That's too easy. I often am asked "what kinda wiring do I bury in the walls to insure connectivity?" My usual answer is conduit, not wire. Nobody seems to listen and I get all kinds of abominations for my trouble. One remodel ended up with CAT5 run as a "daisy chain" instead of a star (home run). That's fine for telco, but useless for networking. Another was told to have everything come to one place. The electrician interpreted that as everything coming to near the power meter which was outside. So, I now have a 10/100baseT switch in an outdoor box hanging on the side of the house. Still another did a fair job of wiring the basement, first floor, and loft, but neglected to install any means of connections between floors. Yet another installed CAT5 in the walls, and used a staple gun rather clumsily so that half the wires were shorted and the other half were cut. Fortunately, a majority of the remodels and new houses I've been involved with have been very satisfactory.
Perfect timing. It's Saturday and the phone rings. It's a friend doing a networking install in a very expensive brand new home. Claims the house is "internet ready" whatever that means. No conduit and the only wire in the walls are one run RG-59/u coax (yech) and two pair telco station wire (CAT zero). It seems they forgot to install something.
Agreed. I've had substantial arguements with electricians, who usually end up doing the datacomm wiring on remodels and new houses, over how to do the datacomm wiring. Since the job is always on a fixed bid basis, they consider this "extra work". Getting it in the original plans is not difficult, but datacomm always seems to be an afterthought. Ever look at any of the "ready to build" home plans you can buy on the internet? None of them have any manner of datacomm wiring or conduit.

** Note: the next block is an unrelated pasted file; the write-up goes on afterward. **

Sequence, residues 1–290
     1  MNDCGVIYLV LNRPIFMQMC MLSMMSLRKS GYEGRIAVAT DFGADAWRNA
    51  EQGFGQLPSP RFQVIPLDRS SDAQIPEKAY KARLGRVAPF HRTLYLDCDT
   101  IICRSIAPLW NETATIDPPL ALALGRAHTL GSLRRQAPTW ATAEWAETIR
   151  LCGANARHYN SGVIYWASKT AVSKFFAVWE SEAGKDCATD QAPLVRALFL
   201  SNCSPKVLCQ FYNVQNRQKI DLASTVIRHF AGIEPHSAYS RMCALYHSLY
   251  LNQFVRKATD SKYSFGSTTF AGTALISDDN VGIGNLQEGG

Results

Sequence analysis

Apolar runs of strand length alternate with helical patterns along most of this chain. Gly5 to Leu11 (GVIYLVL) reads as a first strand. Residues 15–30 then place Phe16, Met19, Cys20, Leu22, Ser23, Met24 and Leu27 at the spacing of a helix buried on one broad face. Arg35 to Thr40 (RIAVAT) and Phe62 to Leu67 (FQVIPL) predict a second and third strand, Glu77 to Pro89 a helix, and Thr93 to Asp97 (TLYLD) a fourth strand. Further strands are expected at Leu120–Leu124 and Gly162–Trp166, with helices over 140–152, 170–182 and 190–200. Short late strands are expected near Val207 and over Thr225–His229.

I don't expect standards as the technology changes far too rapidly. 15 years ago, we would be running fat yellow RG-8/u coax for ethernet. Then came RG-58a/u for 10base2. Then came CAT3 for 10baseT-HDX. Then came CAT5 for 100baseT and Gigabit ethernet. Throw in a dozen different flavors of fiber connectors. At lease RG-6/u is fairly common, but the routing of satellite and CATV are quite different. It is possible to buy cable bundles with a few of everything included, but these are expensive and almost impossible to repair.
I've also seen only one new development that made the effort. They ran ENT (flexible non-metallic conduit) and let the buyers electrician do the rest. Unfortunately, they ran everything together in the ceiling above a closet, so wiring and installing network hardware was a bit of a challenge. Office building usually do it much better.
firstname.lastname@example.org wrote in news: email@example.com:
WiFi is a widely used solution here in the UK for retrofitting to existing premises. As others have commented, structured wiring or any other networking is virtually unknown in domestic buildings, unless the purchaser pushes for it.
Well be honest, until about 2 maybe 3 years ago most homes in the US that had a computer had ONE. Networking in the home is a new thing. Sure a few geeks and nerds wanted it earlier, but rarely the general public. It will take time for practices to evolve in this area. Now that broadband and a computer(s) for the kids has become more common so datacom will become more then a 'new' after thought.
If you were writing for your own benifit, that would make sense. I have no problem with people that use shorthand, remove all capital letters, abrev., use mirror writing, use slang, use acronyms, and perhaps write in a foreign language. If they are the only one that's reading it, whatever works is acceptable.
However, in a public usenet newsgroup, that's not the case. You're writing for the alleged benifit of the readers, who generally prefer to read things in a somewhat standard format. It also makes a mess of the web piles and blogs that clone usenet newsgroups for content for their "forums". This is especially true for those posting where a point by point refutation of someones arguement requires interleaving added comments below (not above) the statements in question.
While I agree that it's a major physical ordeal to scroll down to the bottom of a massively quoted posting, methinks it might act as an incentive for some to perhaps learn to edit their quotes, thus making it somewhat less of an ordeal to scroll to the bottom.